The man behind the mask

Visionary writers like Bradley Denton often remain below the radar of public consciousness. Denton’s masterful 1993 novel Blackburn introduced the concept of the moralistic serial killer, a full decade before Jeff Lindsay parlayed a similar idea into four popular novels and the highly successful Showtime series featuring  blood-spatter expert and killer Dexter Morgan. Denton’s book garnered a 1993 Bram Stoker nomination, glowing critical praise, and little else. Due in a large part to Dexter’s success, Blackburn was reprinted in 2007.

By mid-2001, Denton completed the fictional Laughin’ Boy, relating the horrors and fallout from the largest terrorist action enacted on U.S. soil. The events of September 11, 2001 made the material an anathema to major publishers. The title languished in unpublished-book limbo until 2005, when Subterranean Press selected it for an extremely limited print run of 750 signed copies and 26 signed leatherbound editions. Earlier this fall, Wheatland Press finally released Denton’s powerful, postmodern tale in a general trade edition.




On Saturday, May 20, 2000, at an outdoor music festival in Wichita, Kansas, masked gunmen launched an explosive attack killing scores of people. Amidst the chaos, a dying dentist records Danny Clayton on video, unharmed, but his face covered in the blood of others. 

That isn’t what shocks and enrages us, though.

What shocks and enrages us are the happy bleats coming from his open mouth. What shocks and enrages us are the curves of his cheek muscles and the light flashing from his white teeth and aqua eyes.

What shocks and enrages us is the sudden sure knowledge that he is neither weeping nor in hysterics. There is no grief, horror, or insanity in what he does.

He is, purely and simply, laughing his ass off. 


Post attack, the media fixates on the so-called Laughin’ Boy instead of the tragedy itself. Danny quickly emerges as the most hated man in America. He loses his teaching job and the bereaved threaten his family. Under FBI protective custody, Danny receives treatment from famed husband-and-wife radio psychologist team Dr. Ralph and Carla DeWitt: 

He looked at Dr. Ralph. “You mean the way I’ve been laughing. You know that I don’t want to?”

Dr. Ralph nodded. “Of course.  Many people have hysterical reactions to traumatic events, but that’s not quite what we believe has happened to you. If you would, please, tell me your reaction to what my wife is holding.”

Danny turned toward Dr. Carla, who showed him a large color photograph of a man, woman, and little boy who had all been disemboweled. Their eyes were open, and their faces were frozen in expressions of pain and horror.

So Danny’s aching belly convulsed, and he twisted onto his side. It was a bad attack, and the more he tried to stop it, the worse it got. He curled up into a fetal ball. 


While under the DeWitts’ care, Danny befriends two other remarkable patients: Porno Girl, a virginal lawyer who is obsessed with pornography — the raunchier and nastier the better — and the white Racist Ranger, a top-notch FBI agent compelled to speak in the same African-American 19th-century dialect as Jim from Mark Twain’s The Adventures of Huckleberry Finn. The despised trio lies at the center of a violent struggle that only began in Wichita.

Throughout his riveting satirical novel, Denton successfully incorporates text equivalents of several early 21st-century mass communication modes, including video clips, newsgroup posts, sound bites, internet group chat, talk shows, and web pages alongside the more traditional-looking therapy transcripts and linear prose episodes. He wisely centers the story on the tragic tale of Laughin’ Boy, forcing us to take a hard look at contemporary media and its ability to derail society from the important to the trivial:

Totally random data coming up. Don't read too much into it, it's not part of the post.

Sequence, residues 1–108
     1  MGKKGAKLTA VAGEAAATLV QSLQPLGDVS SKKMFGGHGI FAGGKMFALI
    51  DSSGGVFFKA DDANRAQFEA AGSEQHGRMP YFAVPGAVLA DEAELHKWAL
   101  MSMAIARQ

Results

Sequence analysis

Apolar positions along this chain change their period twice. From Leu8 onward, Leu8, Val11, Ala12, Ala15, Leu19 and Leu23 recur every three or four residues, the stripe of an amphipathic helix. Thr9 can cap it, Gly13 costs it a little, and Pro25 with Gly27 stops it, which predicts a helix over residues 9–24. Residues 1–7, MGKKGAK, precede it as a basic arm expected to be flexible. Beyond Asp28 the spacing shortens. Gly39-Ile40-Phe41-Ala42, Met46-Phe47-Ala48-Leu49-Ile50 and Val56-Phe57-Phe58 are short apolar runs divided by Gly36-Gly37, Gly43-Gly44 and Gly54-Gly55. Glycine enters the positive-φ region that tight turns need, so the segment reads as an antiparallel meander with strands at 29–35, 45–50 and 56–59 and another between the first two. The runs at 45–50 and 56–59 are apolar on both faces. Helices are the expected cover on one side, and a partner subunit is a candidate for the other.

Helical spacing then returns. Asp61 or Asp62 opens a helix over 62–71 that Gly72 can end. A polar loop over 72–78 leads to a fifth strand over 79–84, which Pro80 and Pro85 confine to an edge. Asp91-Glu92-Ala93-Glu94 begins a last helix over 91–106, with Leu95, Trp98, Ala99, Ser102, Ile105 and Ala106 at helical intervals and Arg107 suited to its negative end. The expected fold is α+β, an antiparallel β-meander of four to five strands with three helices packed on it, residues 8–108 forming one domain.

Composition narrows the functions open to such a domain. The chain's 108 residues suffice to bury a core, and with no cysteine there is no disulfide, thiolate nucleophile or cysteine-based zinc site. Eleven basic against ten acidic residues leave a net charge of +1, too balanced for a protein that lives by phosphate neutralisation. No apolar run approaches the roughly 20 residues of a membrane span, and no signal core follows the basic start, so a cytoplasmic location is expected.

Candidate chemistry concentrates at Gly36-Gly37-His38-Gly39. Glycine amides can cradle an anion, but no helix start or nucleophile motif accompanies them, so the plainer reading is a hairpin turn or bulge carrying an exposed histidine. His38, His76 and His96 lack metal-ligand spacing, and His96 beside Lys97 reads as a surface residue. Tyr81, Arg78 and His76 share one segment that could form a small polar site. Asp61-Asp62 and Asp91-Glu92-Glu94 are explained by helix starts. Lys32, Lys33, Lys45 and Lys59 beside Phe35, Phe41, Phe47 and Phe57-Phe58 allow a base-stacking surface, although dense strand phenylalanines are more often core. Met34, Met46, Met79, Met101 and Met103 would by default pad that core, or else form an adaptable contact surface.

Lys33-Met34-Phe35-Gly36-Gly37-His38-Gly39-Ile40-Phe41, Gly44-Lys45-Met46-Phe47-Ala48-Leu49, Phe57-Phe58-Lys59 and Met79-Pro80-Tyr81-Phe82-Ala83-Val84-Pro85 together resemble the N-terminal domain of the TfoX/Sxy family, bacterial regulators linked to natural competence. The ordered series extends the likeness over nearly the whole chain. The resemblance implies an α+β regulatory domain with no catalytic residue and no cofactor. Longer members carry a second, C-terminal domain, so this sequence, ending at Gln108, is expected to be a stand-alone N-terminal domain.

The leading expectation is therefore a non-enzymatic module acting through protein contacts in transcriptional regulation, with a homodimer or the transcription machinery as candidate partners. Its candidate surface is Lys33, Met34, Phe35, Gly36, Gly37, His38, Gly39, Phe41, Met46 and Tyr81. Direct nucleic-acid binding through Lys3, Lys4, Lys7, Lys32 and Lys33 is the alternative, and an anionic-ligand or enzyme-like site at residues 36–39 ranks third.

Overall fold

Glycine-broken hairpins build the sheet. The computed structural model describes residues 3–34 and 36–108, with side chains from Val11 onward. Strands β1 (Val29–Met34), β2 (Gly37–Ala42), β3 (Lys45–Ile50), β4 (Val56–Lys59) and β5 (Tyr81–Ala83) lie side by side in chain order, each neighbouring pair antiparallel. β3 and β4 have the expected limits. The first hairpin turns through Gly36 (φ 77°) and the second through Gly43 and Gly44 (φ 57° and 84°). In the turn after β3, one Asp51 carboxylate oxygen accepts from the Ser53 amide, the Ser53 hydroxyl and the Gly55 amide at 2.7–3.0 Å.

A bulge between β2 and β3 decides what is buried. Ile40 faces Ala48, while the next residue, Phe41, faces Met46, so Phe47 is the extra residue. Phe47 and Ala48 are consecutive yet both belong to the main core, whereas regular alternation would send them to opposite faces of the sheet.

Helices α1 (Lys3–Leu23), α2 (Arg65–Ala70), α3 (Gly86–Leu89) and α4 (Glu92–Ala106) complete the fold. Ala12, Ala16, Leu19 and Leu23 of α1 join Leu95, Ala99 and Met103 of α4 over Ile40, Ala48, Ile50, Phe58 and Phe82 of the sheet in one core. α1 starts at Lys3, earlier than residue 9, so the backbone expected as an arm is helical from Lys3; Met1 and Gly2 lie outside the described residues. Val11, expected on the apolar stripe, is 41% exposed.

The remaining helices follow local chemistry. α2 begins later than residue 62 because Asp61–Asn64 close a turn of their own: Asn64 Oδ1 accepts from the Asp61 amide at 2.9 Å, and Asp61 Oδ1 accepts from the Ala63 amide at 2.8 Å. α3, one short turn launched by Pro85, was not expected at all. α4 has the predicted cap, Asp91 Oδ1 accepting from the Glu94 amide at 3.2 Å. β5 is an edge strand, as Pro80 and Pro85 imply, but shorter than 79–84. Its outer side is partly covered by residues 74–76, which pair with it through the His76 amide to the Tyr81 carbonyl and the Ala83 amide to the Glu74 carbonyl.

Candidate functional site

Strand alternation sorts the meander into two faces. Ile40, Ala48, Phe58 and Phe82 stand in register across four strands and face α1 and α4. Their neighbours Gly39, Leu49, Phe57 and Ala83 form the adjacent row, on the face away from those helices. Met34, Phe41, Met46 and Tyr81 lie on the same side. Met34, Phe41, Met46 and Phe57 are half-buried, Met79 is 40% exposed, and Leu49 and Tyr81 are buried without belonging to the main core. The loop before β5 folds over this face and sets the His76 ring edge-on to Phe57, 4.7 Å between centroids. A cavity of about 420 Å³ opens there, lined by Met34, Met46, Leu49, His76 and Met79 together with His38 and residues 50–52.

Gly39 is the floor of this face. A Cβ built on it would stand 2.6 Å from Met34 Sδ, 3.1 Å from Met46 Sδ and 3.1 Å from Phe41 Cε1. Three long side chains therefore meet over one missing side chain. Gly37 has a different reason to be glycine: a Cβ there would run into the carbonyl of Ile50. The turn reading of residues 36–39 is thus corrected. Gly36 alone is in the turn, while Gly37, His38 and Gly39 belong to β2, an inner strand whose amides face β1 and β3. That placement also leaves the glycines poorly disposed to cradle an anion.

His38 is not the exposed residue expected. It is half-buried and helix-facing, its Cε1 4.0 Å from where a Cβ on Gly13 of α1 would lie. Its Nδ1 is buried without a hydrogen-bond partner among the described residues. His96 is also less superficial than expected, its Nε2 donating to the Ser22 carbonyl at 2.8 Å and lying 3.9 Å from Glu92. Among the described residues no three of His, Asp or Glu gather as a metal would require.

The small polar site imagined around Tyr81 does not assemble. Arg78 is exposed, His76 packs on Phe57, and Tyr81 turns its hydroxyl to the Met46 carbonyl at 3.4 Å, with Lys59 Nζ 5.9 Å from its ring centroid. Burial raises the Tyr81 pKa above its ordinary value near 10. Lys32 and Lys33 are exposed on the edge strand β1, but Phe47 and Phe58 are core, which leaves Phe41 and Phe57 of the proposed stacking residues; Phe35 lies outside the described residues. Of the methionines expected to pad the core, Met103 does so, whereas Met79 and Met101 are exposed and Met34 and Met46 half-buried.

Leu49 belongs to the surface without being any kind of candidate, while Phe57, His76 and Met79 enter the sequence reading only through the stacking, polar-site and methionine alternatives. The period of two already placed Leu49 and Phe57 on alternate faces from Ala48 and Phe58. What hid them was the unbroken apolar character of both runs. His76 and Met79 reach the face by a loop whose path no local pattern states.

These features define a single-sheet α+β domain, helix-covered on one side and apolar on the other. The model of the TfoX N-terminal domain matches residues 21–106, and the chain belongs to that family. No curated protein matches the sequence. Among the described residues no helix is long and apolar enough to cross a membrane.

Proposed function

Cut back to HOST, who steps up onto the stage, where a platform holds five chairs in a curving row. The infamous dying-dentist video of Laughin’ Boy begins playing on a giant screen behind the chairs.

HOST: That man doesn’t look ill or hysterical, does he? He looks as if he has his wits about him and is enjoying what’s happening, doesn’t he?

AUDIENCE: Yeahhh! `Plus assorted disparaging remarks.`

The video running on the giant screen zooms in and freezes on Laughin’ Boy’s face. This image will provide a backdrop of blood-streaked hilarity for most of the show.

HOST: Well, our first guests today claim that this so-called “Laughin’ Boy” does in fact have a previously unknown mental disorder, and that his behavior is therefore not at all his fault!

AUDIENCE: Booooooo! 


Bradley Denton achieves a truly rare literary feat: a near-perfect satire that relies not on humor but rather a Marshall McLuhan view of reality. Like most of Denton’s works, the excellent novel derives its strength from the absurd, presented in an intelligent and extremely well-crafted manner. Hopefully, the insightful Laughin’ Boy will at last create that Denton blip on the radar of public consciousness.


Laughin’ Boy

By Bradley Denton
Wheatland Press
$20, 400 pages (paperback)


Since 1986, the SA Current has served as the free, independent voice of San Antonio, and we want to keep it that way.

Becoming an SA Current Supporter for as little as $5 a month allows us to continue offering readers access to our coverage of local news, food, nightlife, events, and culture with no paywalls.

Join today to keep San Antonio Current.

Scroll to read more Arts Stories & Interviews articles

Join SA Current Newsletters

Subscribe now to get the latest news delivered right to your inbox.